Hoover joined the Association of Pet Dog Trainers, a professional organization for dog trainers, but she adds, “Something was still missing, there was no professional organization or certification or standards for behavior counseling.”

In recent years, as a marketing ploy, people who presumably enjoy working with dogs, cats, birds or horses simply post a shingle on their doors claiming expertise in behavior, calling themselves behaviorists when, in fact, they are not.

Johnson Bennett, who is arguably the most successful author of cat behavior books and has been counseling clients with poorly behaving cats in their homes for 23 years says, “The truth is some of these so-called behavior experts – may or may not be well meaning. Their only training could be reading my books, or they just simply like cats. The advice they offer may be dreadful.”

Liz Wilson speaks at veterinary conferences about parrot behavior, which she’s been consulting clients on for 15 years. “Whether it’s people who want to make a quick buck, even vets who decide they want to do parrot behavior without the proper training or knowledge; or people who think they know everything about parrots because they had a pet cockatoo or African grey, and then they all call themselves professional. behaviorists. Often they do more damage, like dealing with a parrot who is afraid by scaring the holy hell out of the bird. Of course, these people are not professionals.”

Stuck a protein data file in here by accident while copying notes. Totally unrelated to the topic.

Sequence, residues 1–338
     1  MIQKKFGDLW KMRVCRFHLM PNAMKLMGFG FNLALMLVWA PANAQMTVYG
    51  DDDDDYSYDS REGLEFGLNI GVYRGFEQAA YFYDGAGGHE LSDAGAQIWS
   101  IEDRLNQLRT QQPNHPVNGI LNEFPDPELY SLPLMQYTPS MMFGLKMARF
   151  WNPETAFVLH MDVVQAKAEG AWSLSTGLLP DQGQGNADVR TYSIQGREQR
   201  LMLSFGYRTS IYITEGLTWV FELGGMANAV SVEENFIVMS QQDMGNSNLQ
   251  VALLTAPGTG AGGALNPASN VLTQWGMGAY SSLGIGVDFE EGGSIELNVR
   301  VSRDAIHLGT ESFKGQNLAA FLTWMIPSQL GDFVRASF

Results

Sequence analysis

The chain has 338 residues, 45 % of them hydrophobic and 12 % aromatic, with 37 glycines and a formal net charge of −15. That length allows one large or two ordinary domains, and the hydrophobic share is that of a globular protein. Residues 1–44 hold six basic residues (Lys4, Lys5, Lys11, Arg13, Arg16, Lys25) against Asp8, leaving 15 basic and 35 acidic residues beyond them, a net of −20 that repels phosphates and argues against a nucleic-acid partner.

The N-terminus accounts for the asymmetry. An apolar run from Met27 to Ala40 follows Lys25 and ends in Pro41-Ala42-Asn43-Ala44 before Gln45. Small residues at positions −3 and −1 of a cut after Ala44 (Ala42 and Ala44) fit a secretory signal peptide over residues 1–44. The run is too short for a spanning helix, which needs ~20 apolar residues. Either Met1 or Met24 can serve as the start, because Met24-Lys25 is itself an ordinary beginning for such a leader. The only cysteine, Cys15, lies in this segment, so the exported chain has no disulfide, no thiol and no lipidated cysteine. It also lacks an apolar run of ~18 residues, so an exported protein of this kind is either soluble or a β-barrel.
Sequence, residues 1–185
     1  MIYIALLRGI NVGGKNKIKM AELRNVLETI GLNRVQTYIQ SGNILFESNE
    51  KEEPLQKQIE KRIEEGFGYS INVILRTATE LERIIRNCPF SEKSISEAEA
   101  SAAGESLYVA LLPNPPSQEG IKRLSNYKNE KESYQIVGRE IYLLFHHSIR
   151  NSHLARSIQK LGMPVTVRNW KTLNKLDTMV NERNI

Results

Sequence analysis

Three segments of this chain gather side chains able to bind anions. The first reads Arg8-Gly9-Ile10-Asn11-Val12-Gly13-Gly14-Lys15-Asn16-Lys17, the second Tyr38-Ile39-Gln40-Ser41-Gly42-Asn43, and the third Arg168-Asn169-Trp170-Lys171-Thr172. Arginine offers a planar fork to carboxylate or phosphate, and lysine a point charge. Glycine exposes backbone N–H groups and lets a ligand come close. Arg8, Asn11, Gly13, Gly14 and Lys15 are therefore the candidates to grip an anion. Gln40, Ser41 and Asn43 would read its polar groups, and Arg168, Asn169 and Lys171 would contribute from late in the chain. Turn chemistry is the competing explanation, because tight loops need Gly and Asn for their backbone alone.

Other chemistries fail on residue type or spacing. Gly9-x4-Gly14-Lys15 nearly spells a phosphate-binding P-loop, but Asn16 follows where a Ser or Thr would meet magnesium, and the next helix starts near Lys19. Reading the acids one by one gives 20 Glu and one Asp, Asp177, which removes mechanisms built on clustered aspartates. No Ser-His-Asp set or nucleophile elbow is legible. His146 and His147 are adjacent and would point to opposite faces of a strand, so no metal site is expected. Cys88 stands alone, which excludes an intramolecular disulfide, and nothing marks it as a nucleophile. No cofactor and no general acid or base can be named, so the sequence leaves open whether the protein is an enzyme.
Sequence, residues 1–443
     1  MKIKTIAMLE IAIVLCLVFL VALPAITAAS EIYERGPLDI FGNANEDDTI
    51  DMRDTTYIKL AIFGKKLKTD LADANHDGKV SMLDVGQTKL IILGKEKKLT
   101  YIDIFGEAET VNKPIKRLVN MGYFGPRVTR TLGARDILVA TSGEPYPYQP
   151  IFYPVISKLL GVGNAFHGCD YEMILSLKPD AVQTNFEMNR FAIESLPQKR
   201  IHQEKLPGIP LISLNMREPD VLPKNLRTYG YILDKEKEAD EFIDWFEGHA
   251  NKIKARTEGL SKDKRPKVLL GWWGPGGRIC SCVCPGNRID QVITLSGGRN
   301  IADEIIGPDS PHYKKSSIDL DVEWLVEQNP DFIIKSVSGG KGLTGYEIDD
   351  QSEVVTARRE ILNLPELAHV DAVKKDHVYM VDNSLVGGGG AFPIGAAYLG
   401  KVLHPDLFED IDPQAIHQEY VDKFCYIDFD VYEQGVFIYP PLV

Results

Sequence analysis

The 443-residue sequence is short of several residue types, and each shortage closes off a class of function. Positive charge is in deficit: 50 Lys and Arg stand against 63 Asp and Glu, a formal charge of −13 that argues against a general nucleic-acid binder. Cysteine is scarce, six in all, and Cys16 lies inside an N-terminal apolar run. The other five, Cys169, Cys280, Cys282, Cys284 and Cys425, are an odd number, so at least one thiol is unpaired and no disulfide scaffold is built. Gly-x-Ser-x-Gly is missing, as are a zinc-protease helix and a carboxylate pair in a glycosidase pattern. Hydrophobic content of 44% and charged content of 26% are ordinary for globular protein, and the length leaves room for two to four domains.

That has been Hoover’s goal, to create a professional organization of behavior consultants; a resource the public can trust has qualified members. “I also see IAABC as a resource for veterinarians and dog trainers who just don’t deal with complicated behavioral issues,” Haug says. “Right now, too many veterinarians just use the phone book to find help for animals with behavior problems, obviously being an IAABC consultant is a more suitable qualification.”

Today, there are 270 IAABC members. Some are members who already have been “grandfathered” in as behavior consultants. They may be vets or may not be veterinarians, such as Johnson Bennett and Wilson. Still both have guided clients with success for many years, and no one would doubt their credentials or expertise in cat or parrot behavior respectively.

The behavior consultants grandfathered into the IAABC have a proven track record; some have conducted research or taught at veterinary conferences and/or veterinary schools, and all are recommended by respected colleagues and approved by the IAABC Board of Directors. Certainly PhD and veterinary behaviorists, such as Haug, are grandfathered in.

However, many IAABC members are not so expert or experienced. Many IAABC members are associate member who are taking appropriate steps to become certified, and learning along the way.

“You don’t have to be a PhD in animal behavior or a veterinary behaviorist to be a certified behavior consultant,” says Hoover. “Experience and knowledge matter, but real behavior consultants should certainly understand what you’re doing, and why they’re doing it. There is science here that should be understood. There should be qualifications, a professional standard, and code of ethics. The IAABC’s goal is provide all that.”

For an IAABC behavior consultant located near you: